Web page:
Quality 101: Understanding Six Sigma

March 1, 2004
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The quality management process helps achieve, sustain and maximize business success.

As the economic recession continues to bite, business leaders are responding by getting back to business basics. They take fewer risks, focus on profitability, control and reduce costs, and stress customer satisfaction and retention. Organizations have found success using Six Sigma to address these business imperatives.

Six Sigma is a quality management process for achieving, sustaining and maximizing business success. Its

customer-driven approach and focus on defect elimination has a measurable impact on a company's bottom line. A close understanding of customer needs, rigorous measurement and statistical analysis drives the process. Six Sigma improves quality and cuts costs throughout an enterprise, from manufacturing to sales and customer service. It provides a measure of quality that allows comparisons to be made between radically different business activities. As a result, executives can see where money is being wasted because of errors, where improvement is required, where quality problems are constraining revenue growth and where breakthroughs in improvement are being achieved.

Six Sigma is a generic quality management method that can be applied to any business process. It provides both a measure of and a target for quality, together with a set of techniques that help practitioners remove the defects that inhibit service quality.

The premise of Six Sigma is that companies need consistently higher levels of quality and lower levels of cost and that a disciplined, organized approach will root out the variance, waste and errors that plague operations. It does not address problems at a superficial level. Rather, it attacks the root causes of problems.

Six Sigma is a process of management that encourages businesses to stop what they are doing, examine how well they have done it and then implement improvements to iron out defects. Most organizations focus only on the operational aspects of their business, seldom stopping to ask themselves, "What went wrong? What can be done better next time?" Six Sigma forces people to continually evaluate critical processes.

Six Sigma helps practitioners prioritize resources based on an understanding of what is critical to quality (CTQ). CTQ functions are those that have the greatest impact on the customer. The return on improvement will be the greatest with activities that focus on CTQ applications. Related to this is the cost of poor quality (COPQ)-the cost to the business when things go wrong. Understanding CTQ processes and their associated COPQ is an important aspect of the initial stages of a quality improvement project. Eliminating COPQ is the goal of the project. The cost of poor quality includes both the visible and invisible costs of dealing with defects.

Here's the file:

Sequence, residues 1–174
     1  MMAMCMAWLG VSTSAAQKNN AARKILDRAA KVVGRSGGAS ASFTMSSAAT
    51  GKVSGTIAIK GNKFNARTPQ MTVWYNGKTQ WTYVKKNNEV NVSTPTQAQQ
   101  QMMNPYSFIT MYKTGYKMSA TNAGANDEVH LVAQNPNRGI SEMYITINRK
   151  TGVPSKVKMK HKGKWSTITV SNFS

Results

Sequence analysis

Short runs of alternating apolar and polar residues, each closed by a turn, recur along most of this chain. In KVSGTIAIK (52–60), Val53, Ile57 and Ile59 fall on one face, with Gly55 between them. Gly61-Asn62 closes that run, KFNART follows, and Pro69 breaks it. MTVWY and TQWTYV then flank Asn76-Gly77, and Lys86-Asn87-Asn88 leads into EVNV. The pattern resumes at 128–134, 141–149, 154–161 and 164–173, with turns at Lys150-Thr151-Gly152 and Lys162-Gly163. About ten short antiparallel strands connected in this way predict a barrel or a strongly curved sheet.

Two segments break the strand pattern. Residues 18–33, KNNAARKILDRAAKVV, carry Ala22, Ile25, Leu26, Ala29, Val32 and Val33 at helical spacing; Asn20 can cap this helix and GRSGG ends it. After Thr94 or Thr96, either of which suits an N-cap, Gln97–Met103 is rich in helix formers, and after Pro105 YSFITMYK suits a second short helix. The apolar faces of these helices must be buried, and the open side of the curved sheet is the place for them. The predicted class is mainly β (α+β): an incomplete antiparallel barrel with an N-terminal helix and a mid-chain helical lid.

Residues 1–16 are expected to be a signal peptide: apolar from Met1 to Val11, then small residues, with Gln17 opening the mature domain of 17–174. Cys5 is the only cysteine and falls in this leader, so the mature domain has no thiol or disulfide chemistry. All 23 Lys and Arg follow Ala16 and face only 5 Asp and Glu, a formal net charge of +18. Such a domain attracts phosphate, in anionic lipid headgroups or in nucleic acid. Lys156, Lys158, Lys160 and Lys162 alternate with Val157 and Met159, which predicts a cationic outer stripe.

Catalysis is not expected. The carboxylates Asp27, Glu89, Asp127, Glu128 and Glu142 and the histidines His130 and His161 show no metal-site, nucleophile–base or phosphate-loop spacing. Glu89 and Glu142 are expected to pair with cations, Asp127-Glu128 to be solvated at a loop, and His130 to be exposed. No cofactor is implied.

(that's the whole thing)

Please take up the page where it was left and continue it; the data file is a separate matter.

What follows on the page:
Examples of the visible cost of poor quality are employee overtime and the actual time spent repairing a problem. The invisible cost-the ultimate consequences of the problem-are more severe. They include lost sales, late delivery penalties, long cycle times and handling customer complaints.



Finding shortfalls

Having understood where to focus improvement activities and how much this will save the business, the next step is to locate quality shortfalls. Research has been conducted on the effort expended as a result of defects and rework.

The Six Sigma quality management method rates quality on a numerical scale that corresponds to the amount of variation that exists in the execution of a process. This measure of variation is called standard deviation. The greater the variation, the more effort and money that are spent dealing with it. In Six Sigma terms, 1 indicates high variation and 6 or more is low.

Studies of organizations using Six Sigma show measurable increases in their bottom-line profitability when the quality reaches 6-sigma, or the equivalent of 3.4 defects per million opportunities. Analysis of organizations that have reached 6-sigma in their critical-to-quality business operations shows that less than 1% of their revenue is spent dealing with problems.

Process sigma, the measure of quality, can be calculated for any activity from which measurements can be taken. This provides additional insight into service quality over the metrics more commonly associated with service management, such as throughput and availability, because process sigma gives an indication of defects over time. The process sigma value allows practitioners to more easily identify where improvement projects need to be initiated, compare the progress of different improvement projects, and even evaluate the quality provided by internal and external service providers.



Tools

Two other Six Sigma techniques are of significance-failure modes and effect analysis (FMEA) and Pareto charts. FMEA is a technique that identifies and then eliminates the risks inherent in the execution of a process. Failure modes are analyzed to determine the potential effects on the process and its causes for failure. Potential problems are prioritized by multiplying together values for severity, probability of occurrence and detectability before developing an action plan to reduce this risk.

Pareto charts rank failure modes by number of defects. That is, identifying the small amount of failure modes that give rise to the greatest number of defects. Focusing on ways to resolve these problems will provide the greatest payback from the quality improvement project.

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